When Mayor Giuliani formally unveils his eighth and final city budget today, advocates of more expansive city spending are sure to attack his proposed tax cuts. Ironically, Giuliani will be accused of cutting taxes too much - when, if anything, he hasn't cut them nearly enough.
On the surface, the city's recent tax-reduction record looks impressive. New York residents and businesses have saved $2 billion from city tax cuts over the past five years. But those numbers need to be kept in context: After all, just a few years before the tax-cutting started, Mayor David Dinkins had raised taxes by $1.8 billion, in current terms.
The net change in city taxes since 1990 has been a decidedly more modest cut of $200 million ($700 million, if you include the commuter-tax repeal, which mainly helped suburbanites).
Yet the facts support Giuliani's assertion that tax reductions played an important role in the city's economic resurgence - especially if state as well as local taxes are considered part the mix.
Thanks largely to policies initiated by Gov. Pataki, who took office a year after Giuliani, combined state and city marginal rates on personal- and corporate-income taxes have dropped every year since 1995. The state has also killed several taxes that fell especially hard on New York City, including the "Cuomo tax" on large real-estate transactions, the state hotel-room tax and the estate and gift tax.
In the past five years, New York has experienced the deepest and broadest combination of state and local tax cuts in its history. Small wonder the city's economy turned in its strongest performance in decades.
In the near future, there will be less tax-cutting help coming from Albany, where Pataki and the Legislature are focused mainly on tax packages tailored to help upstate. That makes it all the more important for the city to adopt - and stick to - a more ambitious tax-cutting strategy of its own.
The mayor announced in January that his next budget would propose $1.2 billion in tax cuts, including the complete elimination of sales tax on clothing; an extended property-tax abatement for co-ops and condominiums; a 10 percent across-the-board cut in business-income taxes; and repeal of the remaining commercial-rent tax. This past weekend, Giuliani disclosed that his revised budget would also cut a small portion of the remaining Dinkins income-tax surcharge, worth another $180 million to taxpayers next year.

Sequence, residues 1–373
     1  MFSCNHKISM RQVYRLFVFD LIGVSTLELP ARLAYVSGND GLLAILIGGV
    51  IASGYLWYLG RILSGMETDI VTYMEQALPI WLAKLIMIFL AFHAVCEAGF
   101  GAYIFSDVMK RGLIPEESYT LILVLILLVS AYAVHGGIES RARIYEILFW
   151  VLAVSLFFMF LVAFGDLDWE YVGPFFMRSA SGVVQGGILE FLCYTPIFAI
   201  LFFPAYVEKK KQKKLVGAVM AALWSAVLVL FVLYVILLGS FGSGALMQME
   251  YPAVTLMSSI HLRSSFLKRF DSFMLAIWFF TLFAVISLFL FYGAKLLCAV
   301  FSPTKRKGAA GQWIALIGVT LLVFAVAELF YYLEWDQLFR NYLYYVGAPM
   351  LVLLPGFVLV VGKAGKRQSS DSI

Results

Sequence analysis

Giuliani's updated tax-cut package moves in the right direction, but doesn't go fast enough or far enough. For example, the commercial-rent-tax repeal and the business-tax cut wouldn't be fully phased in until 2005. And even if his personal-income-tax cut is adopted, the top rate will still be higher than it was before Dinkins took office in 1990.
Far from being "excessive," as Giuliani's critics are likely to claim, the mayor's proposed cuts would only partly offset what is projected to be the steepest jump in real-estate-tax collections in a decade. Under Giuliani's preliminary fiscal plan, the city plans to squeeze property owners for another $1.8 billion over the next four years - a 22 percent increase.
That surge reflects the phase-in of higher assessment driven by the rising market of the late 1990s, rather than any deliberate action to raise rates. But property taxes on the city's commercial and apartment buildings were high even before the Dinkins rate hikes - which have never been rolled back.
Instead of allowing real estate taxes to rise automatically, more should be done more to lift the dead hand of the Dinkins administration from the city's economy, once and for all.
New York City enjoyed continuing job growth and a decline in unemployment as of March. But given the extraordinarily high cost of living and doing business here, it would be foolhardy to assume that the city can maintain that kind of economic growth without making any further effort to reduce its tax burden, which remains by far the heaviest imposed by any big city.
Giuliani has framed the risk well: "If you don't cut taxes, you will go back to where you were in the late '80s and early '90s, with 320,000 jobs gone and unemployment going higher, and that's really the challenge for the City Council."
But is anybody listening?